Yakima County chief gardeners join the fight against invasive species

We believe the Yakima County Harmful Weed Control Board education and public relations are key to fighting invasive species.

If landowners do not know there is a problem with the plant, they do not know that this should be monitored. We work with landowners to identify problem species and also develop control plans to address them.

We have supervisors who work with the owners when we find the weeds that are considered to be invasive and of serious concern to educate the community. However, we want to encourage education in Yakima County before we can find plants in the field and along the road. When we see them on the street, they are probably close to reproduction.

Our office offers presentations and field visits to educate landowners and residents of Yakima County about plants. We prepare presentations for groups based on age and interests, such as 4-H clubs, FFA chapters, after-school gardening, science and ag classes, road associations, rotary clubs, irrigation districts and landowners groups, clubs and associations. Presentations may vary on specific topics: missing ornamental plants, poisonous plants that threaten our family and pets, problematic plants in grazing or roadside areas, how invasive plants affect our environment, ecology, habitats, etc.

We are involved in activities in the county such as farm days, exhibitions and fun days to engage the public. We are here to help control the invasion of harmful weeds.

If you have any plants you want to identify, we will visit your site and maybe take a sample of the invasion and photos. If we do not know what the plant is, we will return the samples and photographs to the office and contact plant scientists for more identification. Landlords can contact our office at any time with questions.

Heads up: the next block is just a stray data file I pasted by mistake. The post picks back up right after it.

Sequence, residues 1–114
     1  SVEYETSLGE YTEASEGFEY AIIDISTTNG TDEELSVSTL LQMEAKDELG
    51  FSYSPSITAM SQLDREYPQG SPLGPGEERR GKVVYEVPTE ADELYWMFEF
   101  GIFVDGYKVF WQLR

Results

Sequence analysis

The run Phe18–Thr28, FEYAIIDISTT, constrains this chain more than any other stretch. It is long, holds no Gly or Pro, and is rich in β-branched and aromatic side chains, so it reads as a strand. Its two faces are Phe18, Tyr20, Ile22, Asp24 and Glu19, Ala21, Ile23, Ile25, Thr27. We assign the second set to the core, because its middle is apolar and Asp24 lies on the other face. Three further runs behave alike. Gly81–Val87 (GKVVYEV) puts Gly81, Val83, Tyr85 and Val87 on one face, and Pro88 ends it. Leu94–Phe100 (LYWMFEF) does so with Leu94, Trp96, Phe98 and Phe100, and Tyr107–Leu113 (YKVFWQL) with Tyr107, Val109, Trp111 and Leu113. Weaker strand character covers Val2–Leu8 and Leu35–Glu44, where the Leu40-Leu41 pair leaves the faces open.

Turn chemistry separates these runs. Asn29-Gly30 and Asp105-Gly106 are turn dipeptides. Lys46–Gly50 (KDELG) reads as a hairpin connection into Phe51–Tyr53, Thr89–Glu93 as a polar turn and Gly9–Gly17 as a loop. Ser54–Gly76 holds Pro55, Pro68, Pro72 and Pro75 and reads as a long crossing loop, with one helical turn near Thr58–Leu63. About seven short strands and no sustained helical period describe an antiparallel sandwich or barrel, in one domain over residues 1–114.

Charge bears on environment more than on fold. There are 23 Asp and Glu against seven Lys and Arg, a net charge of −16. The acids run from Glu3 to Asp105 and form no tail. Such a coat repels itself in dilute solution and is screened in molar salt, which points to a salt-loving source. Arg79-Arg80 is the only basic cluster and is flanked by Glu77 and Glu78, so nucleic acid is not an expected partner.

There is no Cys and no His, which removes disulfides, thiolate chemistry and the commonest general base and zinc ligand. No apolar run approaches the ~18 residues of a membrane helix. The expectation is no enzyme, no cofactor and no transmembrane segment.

Often the method of describing the plant over the phone works. Be sure to include the shape of the tree: round, crooked, twisted? Is the leaf dull, waxy, rough, smooth, heart-shaped, round, sharp, long and narrow? Does it grow upright or spread out on the ground? Is it wood? Does it have white juice when broken?

If you have a sample, please include the following.

The whole plant if possible. Include seeds, stems, leaves, flowers if they bloom, and if you go to seed. (We hope to identify problems before we plant seeds)

Where to find information: grazing land, grassland, landscape, roadside, Dutch bank, creek, pond, forest, desert, irrigated farmland, etc.

Place the whole plant in a plastic bag with a dry paper towel or paper towel. If you cannot reach us on the day of collection, store the bag in the refrigerator and bring it as soon as possible. Do not put water in the bag unless it is a plant growing in water; In a zip-enclosed bag, it often turns green before we see a plant in the water and on the floor of your vehicle. Do not throw the plant on your dashboard and forget about it for a week and wait for it to separate.

If you would like to send us a photo of the plant in question, please include the entire plant where you are growing, then photographs with neutral background; Keep a white or neutral colored wall away from other plants that may not be the same. Provide a size reference on the photo, showing your hand, colored pen, coin or other plant size, flower, leaf, etc.

You can email photos to susan.bird@co.yakima.wa.us or effie.shinn@co.yakima.wa.us. Make sure the subject line includes “Plant Identification”. If you would like to send the photos, call the Superintendent’s mobile phone numbers and give a description of the plant to our staff in the office.

If you would like to have a presentation for your group or have a demonstration of an activity, talk to Susan Bird, a service provider and educator, to plan and discuss the needs, age and size of the group or event. Education and public relations are our goals. It is important to build relationships with local people to control weeds. We are here to help.

Yakima County Weed Control Board Office at Yakima 1213 S. 18th St. Call 509-574-2180 for more information.

Garden problems? We encourage the public to visit the Master Gardening Clinic at Union Gap, Monday and Friday from 9 am to 4 pm and 4 pm. Bring a sample of the damaged plant in a sealed zip-sealed bag for better identification.

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